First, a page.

The results of tests performed under environmentally controlled conditions (25° C., 10% relative humidity) using the same type autochanger assembly as that used for the bench test of FIG. 6 is illustrated in FIG. 7. The graph shown in FIG. 6 illustrates the static charge build-up in cartridges of the type described with reference to FIG. 3 which are constructed from materials having different surface resistivities. Plot 150 is for a cartridge casing constructed from ABS plastic having a surface resistivity of approximately 1017 ohms/sq. Plot 152 is for a cartridge casing constructed from unimpregnated poycarbonate plastic having a surface resistivity of approximately 1015 ohms/sq. Plot 154 is for a cartridge casing constructed from 5% carbon fiber impregnated poycarbonate plastic having a surface resistivity of approximately 1011 ohms/sq. Plot 156 is for a cartridge casing constructed from 3% carbon impregnated poycarbonate plastic having a surface resistivity of approximately 103 ohms/sq. Plot 158 is for a cartridge casing constructed from a 3% stainless steel impregnated poycarbonate plastic having a surface resistivity of approximately 109 ohms/sq Plot 160 is for a cartridge casing constructed from a 10% carbon impregnated poycarbonate plastic having a surface resistivity of approximately 106 ohms/sq. Plot 162 is for a cartridge casing constructed from a 8% stainless steel impregnated poycarbonate plastic having a surface resistivity of approximately 106 ohms/sq. This graph clearly demonstrates that there is a close inverse correlation between surface resistivity of a cartridge and the amount of static charge which a cartridge accumulates during use in an autochanger. Applicants have discovered that by preventing accumulation of static charge on cartridges in excess of about 1.0 kv/cm and most preferably 0.5 kv/cm, as measured under the test conditions of FIG. 7, that autochanger failures associated with static discharge from cartridges can be avoided. Accordingly applicants have determined that by constructing a cartridge casing of material having relatively low surface resistivity, preferably less than 106 and most preferably less than 104 ohms/sq, that most problems associated with static discharge from cartridges in autochanger applications may be avoided.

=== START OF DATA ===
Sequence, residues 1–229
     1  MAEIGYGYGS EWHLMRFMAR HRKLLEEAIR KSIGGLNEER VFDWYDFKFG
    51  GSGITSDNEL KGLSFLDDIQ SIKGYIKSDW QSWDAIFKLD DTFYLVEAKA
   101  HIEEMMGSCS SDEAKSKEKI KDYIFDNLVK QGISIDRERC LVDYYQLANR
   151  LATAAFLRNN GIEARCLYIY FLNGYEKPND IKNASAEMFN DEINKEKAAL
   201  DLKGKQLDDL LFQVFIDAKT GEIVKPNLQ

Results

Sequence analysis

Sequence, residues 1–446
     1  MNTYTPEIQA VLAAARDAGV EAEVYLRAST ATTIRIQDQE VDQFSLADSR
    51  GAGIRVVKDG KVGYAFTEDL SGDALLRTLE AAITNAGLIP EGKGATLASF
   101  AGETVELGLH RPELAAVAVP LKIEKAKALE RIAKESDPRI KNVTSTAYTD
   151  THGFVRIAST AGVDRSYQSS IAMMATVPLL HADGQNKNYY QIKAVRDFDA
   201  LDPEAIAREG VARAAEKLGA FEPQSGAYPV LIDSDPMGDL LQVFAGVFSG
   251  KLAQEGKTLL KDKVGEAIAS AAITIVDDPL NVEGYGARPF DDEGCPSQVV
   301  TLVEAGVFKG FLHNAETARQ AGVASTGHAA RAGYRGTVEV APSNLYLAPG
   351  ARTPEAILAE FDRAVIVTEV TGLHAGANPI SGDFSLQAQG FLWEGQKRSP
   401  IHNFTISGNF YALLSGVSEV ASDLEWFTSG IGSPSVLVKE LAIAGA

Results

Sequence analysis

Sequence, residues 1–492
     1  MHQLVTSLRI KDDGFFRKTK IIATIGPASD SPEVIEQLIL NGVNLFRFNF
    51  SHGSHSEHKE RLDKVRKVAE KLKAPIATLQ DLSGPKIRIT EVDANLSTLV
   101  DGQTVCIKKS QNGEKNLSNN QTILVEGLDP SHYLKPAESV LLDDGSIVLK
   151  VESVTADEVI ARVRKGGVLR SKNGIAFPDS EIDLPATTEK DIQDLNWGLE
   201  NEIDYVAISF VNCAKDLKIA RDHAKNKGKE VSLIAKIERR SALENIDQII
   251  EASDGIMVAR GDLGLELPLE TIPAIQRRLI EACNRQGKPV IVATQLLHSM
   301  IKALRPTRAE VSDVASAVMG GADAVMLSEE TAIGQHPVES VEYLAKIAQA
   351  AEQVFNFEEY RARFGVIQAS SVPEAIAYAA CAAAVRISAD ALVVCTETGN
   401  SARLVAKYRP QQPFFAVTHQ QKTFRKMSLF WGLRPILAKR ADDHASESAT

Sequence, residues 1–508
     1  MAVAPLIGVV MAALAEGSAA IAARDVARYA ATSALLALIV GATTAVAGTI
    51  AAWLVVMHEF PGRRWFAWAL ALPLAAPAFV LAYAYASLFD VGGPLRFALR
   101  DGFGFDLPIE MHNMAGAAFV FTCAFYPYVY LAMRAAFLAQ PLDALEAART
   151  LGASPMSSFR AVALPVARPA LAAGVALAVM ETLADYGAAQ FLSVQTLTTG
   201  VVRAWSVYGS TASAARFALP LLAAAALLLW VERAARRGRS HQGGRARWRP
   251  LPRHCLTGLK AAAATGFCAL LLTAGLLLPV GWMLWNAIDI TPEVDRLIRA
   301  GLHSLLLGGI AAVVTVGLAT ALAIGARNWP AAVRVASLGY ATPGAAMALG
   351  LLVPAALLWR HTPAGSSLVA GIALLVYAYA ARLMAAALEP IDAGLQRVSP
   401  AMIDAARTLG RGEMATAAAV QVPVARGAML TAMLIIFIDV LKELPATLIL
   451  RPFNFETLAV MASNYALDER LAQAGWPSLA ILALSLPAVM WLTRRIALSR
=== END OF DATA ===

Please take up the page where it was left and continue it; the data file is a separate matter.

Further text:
In one preferred embodiment the material from which the cartridge casing is constructed, in addition to having a low surface resistivity also has a relatively low wear factor--a wear factor of preferably less than 100×10-10 in3 -min/ft-lb-hr and most preferably less than 10×10-10 in3 -min/ft-lb-hr with respect to the reader door.
The casing 72 may be constructed from a thermoplastic material impregnated with one or more of: stainless steel fibers, aluminum fibers, metallized glass fibers, metal powders, aluminum flakes, or, and most preferably carbon powder or carbon fiber. The thermoplastic material may be, for example, ABS plastic, SAN plastic, or, and most preferably, polycarbonate plastic.